Expedition.Life is the brainchild of Canadian explorer and ‘activity activist’ Jamie Clarke. Its purpose is to encourage everyone to spend more time outdoors and less time on digital devices. He believes that if society can reset the balance, we’ll all be healthier — physically and mentally.

“We have to decide who’s in charge — us or them.”

The inspiration for Expedition.Life was watching his son and daughter descend into what Jamie terms the ‘wormhole’ of social media. Their behaviour, which initially made Jamie frustrated and angry, was really a type of addiction. Now Jamie is more sympathetic — but resolute in his mission to change the way we think about our relationship to our screens.

“Khobe had a panic attack before we went on a skiing trip to Assiniboine. The joy of skiing — which he loves — couldn’t overcome the pain of missing out on social media. I was judgemental. I thought my kid was just being lame.”

“I see now how complicit I was. I supported him in playing Minecraft. I’m enough of a helicopter parent that I said to myself, he’s at home, safe. That led to Call of Duty and Grand Theft Auto. We participated at every stage. I’m a pretty disciplined guy and I can’t just watch one episode of anything on Netflix. It’s all so addictive. Before I know, it’s two in the morning and I have to get up at five.”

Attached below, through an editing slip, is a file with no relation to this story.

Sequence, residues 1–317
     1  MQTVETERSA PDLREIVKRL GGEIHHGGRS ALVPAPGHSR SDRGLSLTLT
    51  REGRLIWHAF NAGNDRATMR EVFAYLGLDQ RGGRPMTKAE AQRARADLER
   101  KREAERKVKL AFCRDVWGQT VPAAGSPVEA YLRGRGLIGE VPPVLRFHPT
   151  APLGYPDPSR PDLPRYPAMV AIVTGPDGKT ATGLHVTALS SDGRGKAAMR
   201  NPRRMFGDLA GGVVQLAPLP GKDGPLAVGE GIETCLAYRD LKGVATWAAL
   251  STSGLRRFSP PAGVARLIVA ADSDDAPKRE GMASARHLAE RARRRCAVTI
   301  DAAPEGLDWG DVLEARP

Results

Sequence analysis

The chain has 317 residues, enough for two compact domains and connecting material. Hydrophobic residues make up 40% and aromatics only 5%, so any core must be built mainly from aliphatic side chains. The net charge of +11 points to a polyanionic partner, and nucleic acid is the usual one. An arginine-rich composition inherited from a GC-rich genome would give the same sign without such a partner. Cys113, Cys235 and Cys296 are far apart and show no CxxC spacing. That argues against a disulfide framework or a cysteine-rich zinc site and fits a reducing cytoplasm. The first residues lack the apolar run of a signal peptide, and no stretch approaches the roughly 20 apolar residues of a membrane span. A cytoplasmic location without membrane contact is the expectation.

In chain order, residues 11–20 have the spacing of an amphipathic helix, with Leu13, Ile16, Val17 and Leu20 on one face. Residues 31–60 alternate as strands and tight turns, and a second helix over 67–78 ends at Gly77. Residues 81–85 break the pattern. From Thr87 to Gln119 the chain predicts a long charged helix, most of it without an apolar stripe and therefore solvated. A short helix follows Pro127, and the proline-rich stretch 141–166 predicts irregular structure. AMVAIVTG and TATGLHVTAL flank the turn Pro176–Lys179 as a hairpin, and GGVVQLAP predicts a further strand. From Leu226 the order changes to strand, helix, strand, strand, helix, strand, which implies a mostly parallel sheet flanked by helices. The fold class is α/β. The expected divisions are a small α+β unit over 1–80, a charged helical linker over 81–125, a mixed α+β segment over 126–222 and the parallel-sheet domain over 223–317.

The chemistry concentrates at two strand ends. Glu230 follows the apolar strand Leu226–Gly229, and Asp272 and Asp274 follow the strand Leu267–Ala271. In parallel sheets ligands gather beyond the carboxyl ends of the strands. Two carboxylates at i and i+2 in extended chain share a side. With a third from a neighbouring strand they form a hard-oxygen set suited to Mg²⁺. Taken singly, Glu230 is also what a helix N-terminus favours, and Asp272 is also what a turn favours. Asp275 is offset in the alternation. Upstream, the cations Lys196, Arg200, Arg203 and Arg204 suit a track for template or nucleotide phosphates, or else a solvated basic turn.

Jamie resolved to create a new dynamic that would encourage Khobe and Jaela to rethink their social media habits by offering an alternative. A motorcycle trip across Mongolia seemed like the obvious idea to someone who has been to the summit of Everest twice and crossed the Arabian desert on a camel.

Jamie sees the filming of the trip as yielding ideas to cope and better manage for every family who is facing up to social media’s impact on their lives. He knows it won’t be easy — it’s Khobe’s first expedition.

“When you do something where the outcome is unknown, it’s like shining a big flashlight on your life —  dark recesses of your personality are illuminated. Sometimes you like what you see, often you don’t. That’s how you build character.”

Press inquiries:
Paula Worthington 
(403) 585-2429